A book club for kids with speech delays: building language skills together

Book-based group language therapy may boost outcomes while cutting wait times and costs.

A made-in-Vancouver group-based language therapy approach that can cut costs and wait times may also rival one-to-one therapy for effectiveness. The unique group approach—called Language Fun Story Time (LFST)—uses the power of books and peer modelling for children who are slower to develop language.

Working with local librarians, Vancouver Coastal Health speech-language pathologists have been running the group program for the past 8 years. LFST gets rave reviews from participating families. Therapists have also observed that improvements in language skills from children in the group sessions seem to match those made in the one-to-one sessions typically offered.

Natasha Ogryzlo, a researcher with Vancouver Coastal Health Research Institute, wants to get some hard facts to support those anecdotes. Ogryzlo is a speech-language pathologist (SLP) who works with kids in both types of sessions at the Three Bridges Community Health Centre.  Ogryzlo and fellow Vancouver Coastal Health SLPs have embarked on a comparison study of the two approaches. Ogryzlo says if the study findings back up the hypothesis— that LFST is as effective, if not more effective than one-to-one sessions—it would justify more widespread adoption. 

The study hypothesis goes against what people might assume: that one-to-one focussed therapy must be better for a child than possibly getting distracted or getting less attention in a group of active pre-schoolers.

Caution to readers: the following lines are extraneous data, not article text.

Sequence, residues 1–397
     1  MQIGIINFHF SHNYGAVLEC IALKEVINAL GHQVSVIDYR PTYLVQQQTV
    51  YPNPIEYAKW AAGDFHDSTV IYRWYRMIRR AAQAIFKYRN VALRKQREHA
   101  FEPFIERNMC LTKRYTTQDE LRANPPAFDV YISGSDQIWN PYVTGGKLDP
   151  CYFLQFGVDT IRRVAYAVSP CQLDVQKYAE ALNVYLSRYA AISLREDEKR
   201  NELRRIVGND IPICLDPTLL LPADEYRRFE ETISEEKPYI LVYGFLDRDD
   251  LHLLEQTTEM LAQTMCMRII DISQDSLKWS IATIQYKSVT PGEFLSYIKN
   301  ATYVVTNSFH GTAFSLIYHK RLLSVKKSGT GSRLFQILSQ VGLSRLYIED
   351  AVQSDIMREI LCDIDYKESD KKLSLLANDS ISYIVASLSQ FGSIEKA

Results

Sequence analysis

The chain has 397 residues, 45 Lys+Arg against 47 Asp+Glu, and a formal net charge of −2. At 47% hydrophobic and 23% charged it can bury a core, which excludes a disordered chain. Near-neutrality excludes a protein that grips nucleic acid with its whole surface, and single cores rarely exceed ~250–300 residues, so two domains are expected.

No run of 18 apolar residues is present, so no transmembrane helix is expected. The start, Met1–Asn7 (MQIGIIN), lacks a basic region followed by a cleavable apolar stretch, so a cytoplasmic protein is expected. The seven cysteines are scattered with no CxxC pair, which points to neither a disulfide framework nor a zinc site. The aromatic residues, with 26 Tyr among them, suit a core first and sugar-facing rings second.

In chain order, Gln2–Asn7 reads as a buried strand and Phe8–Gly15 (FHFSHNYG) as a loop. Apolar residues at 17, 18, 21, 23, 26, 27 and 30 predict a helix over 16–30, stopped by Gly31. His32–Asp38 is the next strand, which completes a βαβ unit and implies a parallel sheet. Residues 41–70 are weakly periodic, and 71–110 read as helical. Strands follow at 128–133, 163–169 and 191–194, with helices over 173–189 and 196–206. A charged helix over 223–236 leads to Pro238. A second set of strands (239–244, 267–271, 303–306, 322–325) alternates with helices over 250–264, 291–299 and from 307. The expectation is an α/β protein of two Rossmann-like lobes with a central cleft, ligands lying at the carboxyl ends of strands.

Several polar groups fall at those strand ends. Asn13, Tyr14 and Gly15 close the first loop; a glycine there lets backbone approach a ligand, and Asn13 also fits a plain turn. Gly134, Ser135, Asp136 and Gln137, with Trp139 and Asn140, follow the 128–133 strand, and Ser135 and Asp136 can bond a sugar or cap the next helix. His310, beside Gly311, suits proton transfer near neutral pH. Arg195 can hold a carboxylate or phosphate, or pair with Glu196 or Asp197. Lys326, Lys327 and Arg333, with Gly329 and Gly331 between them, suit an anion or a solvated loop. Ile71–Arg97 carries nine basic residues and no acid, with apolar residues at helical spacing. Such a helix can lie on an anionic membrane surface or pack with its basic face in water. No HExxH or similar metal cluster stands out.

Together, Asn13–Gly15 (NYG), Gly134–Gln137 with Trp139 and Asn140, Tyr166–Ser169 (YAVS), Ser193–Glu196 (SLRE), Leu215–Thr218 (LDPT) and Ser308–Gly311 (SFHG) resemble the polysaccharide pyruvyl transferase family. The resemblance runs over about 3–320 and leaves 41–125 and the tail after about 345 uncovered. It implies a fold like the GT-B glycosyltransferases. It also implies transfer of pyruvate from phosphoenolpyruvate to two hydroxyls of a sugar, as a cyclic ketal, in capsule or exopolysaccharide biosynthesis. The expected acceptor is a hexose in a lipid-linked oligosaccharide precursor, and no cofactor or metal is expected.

“Actually, what we often find is that one-to-one sessions can be overwhelming for a young child. Having five or six other kids around to take the focus off them lets them participate more. It gives an opportunity for peer models and we know that kids learn from peers.”  

The SLPs will measure and compare language gains for kids in individual therapy and kids in the LFST program. The study findings could mean significant cost and wait time reductions if therapy can be proven as effective, since it can be given to eight kids at a time, instead of one.

In a typical LFST session, children and their families get together and listen to a librarian reading a book. Each child then gets a chance to act out parts of the story with felt characters, while an SLP addresses any individual language goals, such as working on vocabulary and length of sentence. Everyone learns from each other. The children then have a snack and play together while the SLP prompts social interactions and real-life language use. They also chat with parents and give advice. Each family borrows a copy of the book to re-read at home, and at the next session, everyone shares how the practice at home went. 

Ogryzlo says the LFST sessions differ from regular preschool, where things often move too quickly for a child with a speech or language delay. “Preschool teachers aren’t trained in how to help these kids. So you get the little girl who has ten-word sentences answering most of the questions while a less verbal child is not pushed to improve.” Ogryzlo’s choice of a girl in this example isn’t accidental, as 90% of her clients are boys. Boys tend to have more difficulties with language and communication than girls. 

The power of books

Ogryzlo says by acting out the story before reading at home, the language skills are more easily absorbed. The child can focus on the language skills instead of trying to figure out what the story is about. Experiencing the story through multiple senses and using repetition is crucial. “Our kids will have read the book 10-12 times when they come for their next session. So they gain confidence and absorb all the great language lessons that books can offer,” says Ogryzlo.

A secondary benefit is building a love of books that will carry through the school years. Current favourites are Pete the Cat, Clip Clop, and The Bus for Us. Feeling good about books and handling books daily is associated with high literacy levels when kids start reading. “Books are fundamental to literacy and language,” Ogryzlo says. “If we can get kids familiar with books and associating them with fun they will be much more prepared for literacy at age five.”

The comparison study will be completed by the end of the year.  


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